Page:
Wine merchants across the country toasted the U.S. Supreme Court last May when it ruled that states couldn't bar consumers from ordering wine from out-of-state suppliers. Clint Bolick, the attorney who argued the case for a small Virginia winemaker, called it "the best day for wine-lovers since the invention of the corkscrew."
But as a symbol of the Supreme Court's shifting tendencies, it was more than that. It was the last major federalism case to come before the justices during the tenure of Justice Sandra Day O'Connor, who announced her retirement soon afterward. And it raised the crucial issue of just what the Court's approach to states' rights will be in her absence.
As has been true so often during the O'Connor years, the larger implications of the Virginia wine case were far from clear. For years, conservatives had pressed the Court to reassert the prerogatives of the states against the expansion of federal power. And frequently it did so. Most recently, however, the Court has seemed to back away from a strong states' rights commitment. In addition to reining in state power over wine sales, the justices overruled state efforts to legalize medical marijuana and to contest clean-air standards.
Juanita Swedenburg, the Virginia vintner at the center of the wine case, produced a boutique product that developed a small but devoted following across the country and, when she discovered she could not ship it to New York, "I began to get cross about it and then began to fuss."
In backing Swedenburg, the Supreme Court rejected arguments that youngsters could cruise the Internet to buy liquor across state lines or that rat poison could end up in wine bottles. By a 5-4 vote, the Court sided with the arguments for interstate commerce over those for states' rights.
While conservatives of every stripe are competing for influence over the Court in the post-O'Connor years, the business community has an especially focused set of priorities. Increasingly, it wants to see decisions of the kind made in the Virginia wine case, and to put a brake on strict regulatory measures imposed at the state level. In lobbying for this approach, they are parting company with social conservatives who want a new justice to reverse O'Connor's swing votes backing abortion rights and limiting display of the Ten Commandments.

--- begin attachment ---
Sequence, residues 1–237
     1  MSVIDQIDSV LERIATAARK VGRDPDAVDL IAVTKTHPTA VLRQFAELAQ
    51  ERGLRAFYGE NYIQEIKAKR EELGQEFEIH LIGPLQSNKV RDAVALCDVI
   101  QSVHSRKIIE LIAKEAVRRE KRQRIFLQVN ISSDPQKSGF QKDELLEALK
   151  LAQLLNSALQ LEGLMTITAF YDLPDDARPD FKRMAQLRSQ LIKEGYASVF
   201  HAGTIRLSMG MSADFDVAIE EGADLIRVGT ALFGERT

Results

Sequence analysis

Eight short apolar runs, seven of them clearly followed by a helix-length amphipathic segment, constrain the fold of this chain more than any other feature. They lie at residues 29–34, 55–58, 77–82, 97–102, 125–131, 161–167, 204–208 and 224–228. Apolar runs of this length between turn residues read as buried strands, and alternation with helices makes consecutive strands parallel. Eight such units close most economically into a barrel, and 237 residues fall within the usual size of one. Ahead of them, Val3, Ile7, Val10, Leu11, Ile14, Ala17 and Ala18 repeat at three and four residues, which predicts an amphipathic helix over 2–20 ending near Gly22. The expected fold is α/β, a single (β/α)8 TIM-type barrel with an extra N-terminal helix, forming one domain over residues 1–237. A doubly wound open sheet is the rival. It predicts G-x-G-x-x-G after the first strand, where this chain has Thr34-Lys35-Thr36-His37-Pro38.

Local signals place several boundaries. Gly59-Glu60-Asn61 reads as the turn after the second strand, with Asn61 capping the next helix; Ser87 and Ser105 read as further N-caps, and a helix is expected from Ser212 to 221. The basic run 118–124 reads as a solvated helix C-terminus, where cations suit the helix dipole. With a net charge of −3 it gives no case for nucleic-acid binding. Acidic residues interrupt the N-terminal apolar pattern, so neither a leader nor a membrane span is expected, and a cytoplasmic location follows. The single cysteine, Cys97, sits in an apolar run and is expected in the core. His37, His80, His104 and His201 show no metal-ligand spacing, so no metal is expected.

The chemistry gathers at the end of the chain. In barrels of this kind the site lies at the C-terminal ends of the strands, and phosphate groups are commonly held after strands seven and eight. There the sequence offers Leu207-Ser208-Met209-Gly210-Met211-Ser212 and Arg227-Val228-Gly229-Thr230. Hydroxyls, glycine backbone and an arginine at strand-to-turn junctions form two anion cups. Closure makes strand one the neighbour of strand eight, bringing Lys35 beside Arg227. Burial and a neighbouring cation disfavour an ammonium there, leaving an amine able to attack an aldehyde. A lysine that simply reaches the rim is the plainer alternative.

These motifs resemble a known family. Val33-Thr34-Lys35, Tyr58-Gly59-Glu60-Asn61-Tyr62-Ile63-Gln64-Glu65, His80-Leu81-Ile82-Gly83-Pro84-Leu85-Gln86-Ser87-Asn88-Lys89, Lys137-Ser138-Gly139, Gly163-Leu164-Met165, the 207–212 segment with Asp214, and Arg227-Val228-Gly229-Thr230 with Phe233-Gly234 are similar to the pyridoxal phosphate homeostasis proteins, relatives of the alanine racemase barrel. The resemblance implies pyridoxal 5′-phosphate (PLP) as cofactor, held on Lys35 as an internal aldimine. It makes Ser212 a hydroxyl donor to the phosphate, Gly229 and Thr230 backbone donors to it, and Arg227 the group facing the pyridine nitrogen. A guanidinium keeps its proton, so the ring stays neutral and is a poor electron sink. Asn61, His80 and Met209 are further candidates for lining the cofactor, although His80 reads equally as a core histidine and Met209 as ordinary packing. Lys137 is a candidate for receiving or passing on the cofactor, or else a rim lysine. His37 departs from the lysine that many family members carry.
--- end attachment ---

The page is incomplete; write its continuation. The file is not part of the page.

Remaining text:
Of course, any conservative justice who embraces a position favoring business or evangelism could easily support states' rights as well. But as O'Connor's long voting record shows, there are many different brands of conservatism, their implications for states' rights vary enormously, and which road even a "conservative" justice might take is highly unpredictable.
But it is possible to predict several things. First, federalism won't be at the center of the confirmation battles on the horizon. The public debate will be about abortion rights, religious expression and other social and moral questions. The implications for federalism will become clear only as the decisions of the new Court are unveiled.
Second, the push to seal a conservative Supreme Court won't necessarily create a pro-states' rights Court. Despite efforts by Justice Antonin Scalia, among others, to fall back on the original intent of the Constitution's framers, the fight for conservative causes could easily produce pressures for federal power to trump the states. Conservatives have learned the lessons the liberals taught a generation ago: It's often easier to fight the big battles once, at the federal level, than in 50 state houses. This is one principle that the Christian Right and the chambers of commerce seem to share.
Third, whatever the future Court may do on states' rights, administrative actions continue to impose a shift to federal power. For example, the states are waking up to the "clawback" provision in the new Medicare prescription drug program, which mandates billions of dollars in long-term costs to state treasuries as part of a complex funding formula. Whatever the courts might giveth, the budget and accompanying regulations can taketh away, in spades.
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